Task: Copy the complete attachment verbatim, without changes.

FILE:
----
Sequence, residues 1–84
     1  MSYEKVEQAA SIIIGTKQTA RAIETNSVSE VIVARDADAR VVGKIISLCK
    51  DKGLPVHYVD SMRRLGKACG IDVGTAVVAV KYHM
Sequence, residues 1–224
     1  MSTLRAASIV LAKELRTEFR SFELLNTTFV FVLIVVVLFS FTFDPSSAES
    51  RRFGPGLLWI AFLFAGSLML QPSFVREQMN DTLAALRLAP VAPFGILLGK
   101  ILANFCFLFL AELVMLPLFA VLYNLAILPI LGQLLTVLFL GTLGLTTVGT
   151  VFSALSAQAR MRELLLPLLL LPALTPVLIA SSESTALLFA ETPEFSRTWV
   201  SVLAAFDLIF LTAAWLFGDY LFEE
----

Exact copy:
Sequence, residues 1–84
     1  MSYEKVEQAA SIIIGTKQTA RAIETNSVSE VIVARDADAR VVGKIISLCK
    51  DKGLPVHYVD SMRRLGKACG IDVGTAVVAV KYHM
Sequence, residues 1–224
     1  MSTLRAASIV LAKELRTEFR SFELLNTTFV FVLIVVVLFS FTFDPSSAES
    51  RRFGPGLLWI AFLFAGSLML QPSFVREQMN DTLAALRLAP VAPFGILLGK
   101  ILANFCFLFL AELVMLPLFA VLYNLAILPI LGQLLTVLFL GTLGLTTVGT
   151  VFSALSAQAR MRELLLPLLL LPALTPVLIA SSESTALLFA ETPEFSRTWV
   201  SVLAAFDLIF LTAAWLFGDY LFEE